Where do you do your work?
I owe my writing to the time my son spent on the boob. Before his birth, one year ago, I used to work 12-hour days for my family’s small wine importer in Bogotá, Colombia. But, during the private hours spent breastfeeding, I decided to stay home and write.
In part, I wanted to be with my baby, but mostly, I felt myself getting old. How easily I’d put off writing for a decade. How easy it would be to sell wine for three more. So now I write from home, in a study my husband and I designed as our playroom, much before we'd imagined a son.
What do you keep on your desk?
Ideally, nothing but my computer and the book I am blogging about. My blog is an endless source of guilt-free distraction, so I don’t need anymore. Right now, I have every intention of doing a piece titled “Like a Prayer,” based on J.D. Salinger’s gentler novel Franny and Zooey, which I finished right before starting The Tibetan Book of Living and Dying.
What’s your view like?
From where I sit, I have a deep view of Bogotá. A few sights stand out from the rectangular grid of red brick: swamp green mountains at the far end, thin layers of aluminum smog, the oasis of space around the airport landing strip, the concrete conical hat of the stadium roof and the eucalyptus trees planted throughout.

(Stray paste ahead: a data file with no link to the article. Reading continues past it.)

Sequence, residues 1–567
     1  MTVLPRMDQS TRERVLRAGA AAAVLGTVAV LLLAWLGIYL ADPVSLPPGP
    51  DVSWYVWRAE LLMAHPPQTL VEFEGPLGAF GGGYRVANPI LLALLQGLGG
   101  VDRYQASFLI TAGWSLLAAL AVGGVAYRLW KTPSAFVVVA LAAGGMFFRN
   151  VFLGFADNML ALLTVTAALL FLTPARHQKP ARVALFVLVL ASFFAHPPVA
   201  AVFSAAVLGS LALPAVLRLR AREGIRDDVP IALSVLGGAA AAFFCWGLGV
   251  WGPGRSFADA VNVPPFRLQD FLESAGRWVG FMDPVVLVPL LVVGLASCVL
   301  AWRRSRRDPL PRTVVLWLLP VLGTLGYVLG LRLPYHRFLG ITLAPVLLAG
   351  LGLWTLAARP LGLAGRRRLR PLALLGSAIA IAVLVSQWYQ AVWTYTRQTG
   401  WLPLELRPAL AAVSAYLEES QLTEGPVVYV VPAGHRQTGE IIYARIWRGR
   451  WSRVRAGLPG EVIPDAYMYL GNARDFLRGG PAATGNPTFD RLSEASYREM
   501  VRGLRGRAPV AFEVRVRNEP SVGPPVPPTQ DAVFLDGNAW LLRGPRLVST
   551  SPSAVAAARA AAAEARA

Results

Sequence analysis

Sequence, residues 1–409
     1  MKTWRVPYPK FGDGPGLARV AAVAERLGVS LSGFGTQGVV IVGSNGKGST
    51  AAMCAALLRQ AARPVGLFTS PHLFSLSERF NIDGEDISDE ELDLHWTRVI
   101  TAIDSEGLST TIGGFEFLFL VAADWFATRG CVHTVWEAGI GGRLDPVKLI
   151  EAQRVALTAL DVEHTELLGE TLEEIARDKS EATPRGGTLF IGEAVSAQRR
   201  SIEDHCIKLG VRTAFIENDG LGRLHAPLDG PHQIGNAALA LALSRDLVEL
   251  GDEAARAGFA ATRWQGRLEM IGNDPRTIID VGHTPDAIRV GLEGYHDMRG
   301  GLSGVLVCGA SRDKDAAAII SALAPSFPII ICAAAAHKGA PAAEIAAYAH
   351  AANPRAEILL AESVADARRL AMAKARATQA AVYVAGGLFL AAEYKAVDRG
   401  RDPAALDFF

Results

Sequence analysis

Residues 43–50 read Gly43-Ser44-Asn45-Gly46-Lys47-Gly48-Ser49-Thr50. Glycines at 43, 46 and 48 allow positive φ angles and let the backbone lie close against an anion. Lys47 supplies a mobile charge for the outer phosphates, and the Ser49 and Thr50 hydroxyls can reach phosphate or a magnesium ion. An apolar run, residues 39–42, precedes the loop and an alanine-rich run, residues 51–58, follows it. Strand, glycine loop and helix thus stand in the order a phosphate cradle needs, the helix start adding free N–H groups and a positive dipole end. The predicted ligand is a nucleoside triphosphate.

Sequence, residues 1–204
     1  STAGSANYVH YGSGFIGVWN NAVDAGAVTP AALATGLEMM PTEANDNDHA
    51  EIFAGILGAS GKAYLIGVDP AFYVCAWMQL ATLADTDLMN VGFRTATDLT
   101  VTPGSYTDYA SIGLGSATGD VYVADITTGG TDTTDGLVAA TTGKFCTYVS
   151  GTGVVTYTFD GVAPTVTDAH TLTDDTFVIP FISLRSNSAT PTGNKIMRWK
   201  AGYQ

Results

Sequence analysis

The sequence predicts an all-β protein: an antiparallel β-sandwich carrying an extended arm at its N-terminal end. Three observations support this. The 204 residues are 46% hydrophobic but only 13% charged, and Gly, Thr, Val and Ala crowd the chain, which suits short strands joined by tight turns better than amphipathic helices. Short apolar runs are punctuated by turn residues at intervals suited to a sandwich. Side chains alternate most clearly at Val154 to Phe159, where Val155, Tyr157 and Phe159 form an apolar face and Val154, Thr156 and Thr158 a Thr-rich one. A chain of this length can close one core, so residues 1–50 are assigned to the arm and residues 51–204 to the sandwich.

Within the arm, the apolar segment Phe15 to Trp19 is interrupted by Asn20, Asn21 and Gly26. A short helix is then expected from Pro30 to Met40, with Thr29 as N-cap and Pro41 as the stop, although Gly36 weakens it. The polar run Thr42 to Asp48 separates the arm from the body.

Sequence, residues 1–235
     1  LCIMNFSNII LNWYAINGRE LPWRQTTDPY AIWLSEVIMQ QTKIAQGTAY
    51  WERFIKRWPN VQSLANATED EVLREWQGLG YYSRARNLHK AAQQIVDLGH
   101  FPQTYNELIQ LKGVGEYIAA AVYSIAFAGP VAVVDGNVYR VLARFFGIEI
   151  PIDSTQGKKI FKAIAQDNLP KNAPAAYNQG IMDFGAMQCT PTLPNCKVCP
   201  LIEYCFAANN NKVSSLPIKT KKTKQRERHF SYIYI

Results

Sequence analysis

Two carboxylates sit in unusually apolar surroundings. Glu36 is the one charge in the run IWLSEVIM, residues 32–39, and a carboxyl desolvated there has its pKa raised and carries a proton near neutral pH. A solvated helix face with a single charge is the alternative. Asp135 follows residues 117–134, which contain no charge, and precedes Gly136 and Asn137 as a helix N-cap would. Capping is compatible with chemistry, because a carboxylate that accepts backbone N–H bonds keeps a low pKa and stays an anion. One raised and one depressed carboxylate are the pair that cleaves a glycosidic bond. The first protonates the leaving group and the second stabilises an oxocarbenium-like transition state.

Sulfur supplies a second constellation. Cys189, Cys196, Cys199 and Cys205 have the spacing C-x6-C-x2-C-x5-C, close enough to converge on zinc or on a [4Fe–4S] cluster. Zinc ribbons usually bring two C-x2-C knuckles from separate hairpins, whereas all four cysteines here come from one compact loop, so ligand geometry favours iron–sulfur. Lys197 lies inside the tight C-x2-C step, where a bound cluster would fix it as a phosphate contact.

At a lesser distance, I can see the inlaid bone table my husband and I bought in the Marrakesh souk when I was six months pregnant. On top of it rests a working Victrola from San Telmo, Buenos Aires. The owner of the antique store where we found it gave us a case of records from The Nutcracker, Madame Butterfly and Singing in the Rain to take home. Most important, I can see the bright orange plastic corral where my baby spends his time, between those moments when I take a break and take him out.
What do you eat/drink while you work?
Bogotá is more than 9,000 feet above sea level, so it’s permanently chilly. To stay warm, I drink liberal amounts of hot water with lemon and dress for a Canadian fall. I am mostly vegan, so when I eat, it’s grapes, broccoli soup and flax seed arepas with almond butter. The traces of crackers, rice and veggies my son leaves behind are also great to pick on.
Do you have any superstitions about your work?
I try to answer all emails before editing or writing new poems, but this can become a vicious cycle. Late night remains my clearest hour. But my son and husband are both morning people, so I had to adjust my rhythm this past year. The hour-long nap my son takes around 10am is also a very productive time for me. Nothing like a strict deadline.
Share a recent line/sentence written in this space.
Together we become the ancient word: a god released.
Ana Maria Caballero blogs at The Drugstore Notebook. Her work has been published by Toasted Cheese Literary Journal, Boston Poetry Magazine, and The Fat City Review. It has also appeared in online poetry communities such as Kumquat and VerseWrights, and is forthcoming on Eunoia Review. She lives in Bogotá, Colombia.